"Fingers crossed" as Ladakh's High Powered Committee Holds First Meeting with MHA.
Image Courtesy: PTI
Srinagar: The High-Powered Committee (HPC), which constitutes key representatives from the Leh Apex Body (LAB) and the Kargil Democratic Alliance (KDA), held its first meeting with the officials of the Ministry of Home Affairs on Monday, the members said.
The meeting of the delegation with the officials of the ministry began at about 12 pm and continued until 1:40 pm in New Delhi, following which the members expressed optimism over the deliberations.
“The delegation put forth its four-point agenda in front of the ministry. They have said that the government will come up with its proposal in the next meeting, which we have said should take place as soon as possible. Our fingers are crossed,” said Chhering Dorje Lakrook, the vice president of the Ladakh Buddhist Association.
The two groups were formed by the people of Ladakh in the two divisions of Leh and Kargil after the Himalayan region was carved from the erstwhile state of Jammu and Kashmir as a union territory in August 2019. Many in Leh, after initial jubilation over the abrogation of Article 370 rued over the decision and subsequently launched a mass movement seeking constitutional safeguards.
Both KDA and LAB are conglomerates of various social, religious and political bodies that are at the forefront of the people’s movement seeking rights from the central government for the region.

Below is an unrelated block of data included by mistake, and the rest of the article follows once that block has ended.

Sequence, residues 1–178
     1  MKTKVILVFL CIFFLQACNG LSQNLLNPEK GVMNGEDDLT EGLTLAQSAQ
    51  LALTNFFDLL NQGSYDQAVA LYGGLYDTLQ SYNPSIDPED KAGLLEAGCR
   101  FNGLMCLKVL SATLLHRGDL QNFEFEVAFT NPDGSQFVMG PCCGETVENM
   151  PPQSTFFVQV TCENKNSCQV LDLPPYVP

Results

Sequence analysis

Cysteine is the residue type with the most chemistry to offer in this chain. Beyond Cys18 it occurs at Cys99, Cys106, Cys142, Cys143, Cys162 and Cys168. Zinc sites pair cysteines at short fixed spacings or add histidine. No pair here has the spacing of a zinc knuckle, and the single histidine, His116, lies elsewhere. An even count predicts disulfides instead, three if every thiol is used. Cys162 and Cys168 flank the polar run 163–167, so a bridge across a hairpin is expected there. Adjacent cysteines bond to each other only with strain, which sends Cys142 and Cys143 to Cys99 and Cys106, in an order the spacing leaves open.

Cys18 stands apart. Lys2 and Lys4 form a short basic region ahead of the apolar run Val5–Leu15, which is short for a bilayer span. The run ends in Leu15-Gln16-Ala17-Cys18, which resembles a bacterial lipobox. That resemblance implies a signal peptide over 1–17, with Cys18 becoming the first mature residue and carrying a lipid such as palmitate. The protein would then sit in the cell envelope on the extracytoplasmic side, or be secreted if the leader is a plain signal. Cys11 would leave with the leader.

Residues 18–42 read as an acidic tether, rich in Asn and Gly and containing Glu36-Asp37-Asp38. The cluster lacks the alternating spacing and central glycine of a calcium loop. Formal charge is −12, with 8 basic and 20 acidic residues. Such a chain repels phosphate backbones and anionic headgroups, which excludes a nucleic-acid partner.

“The minister for Home Affairs, Nityanand Rai, on behalf of the government, assured us of scheduling the next meeting soon and requested written representations. We hope that the government would positively respond to the concerns of the people of Ladakh,” political activist Sajjad Kargili, who also attended the meeting, told NewsClick.
The groups have been demanding separate statehood for Ladakh, constitutional safeguards on the lines of the Sixth Schedule (which grants autonomy to tribal communities), formation of a Public Service Commission, reservation of jobs for Ladakhis and the creation of two separate parliamentary constituencies for Leh and Kargil.
In the absence of the rights guaranteed under Article 370 and 35 A, concerns amongst the locals grew over the status of land and jobs and also over the fragile ecosystem of the mountain region that the locals believe faces exploitation in the absence of such rights. The LAB and KDA had since planned a year-long protest to press for their demands.
The previous round of talks was held earlier in June and was seen as a breakthrough after the two sides faced initial hiccups over the constitution of the high-powered committee. The groups have held protests outside Ladakh as well, including in Srinagar, Jammu and New Delhi.
The People’s Movement for the Sixth Schedule for Ladakh also raised fresh concerns over a new industrial policy from the regional administration, claiming that it had been framed without the consent of the local stakeholders and bypassed the local autonomous hill councils.
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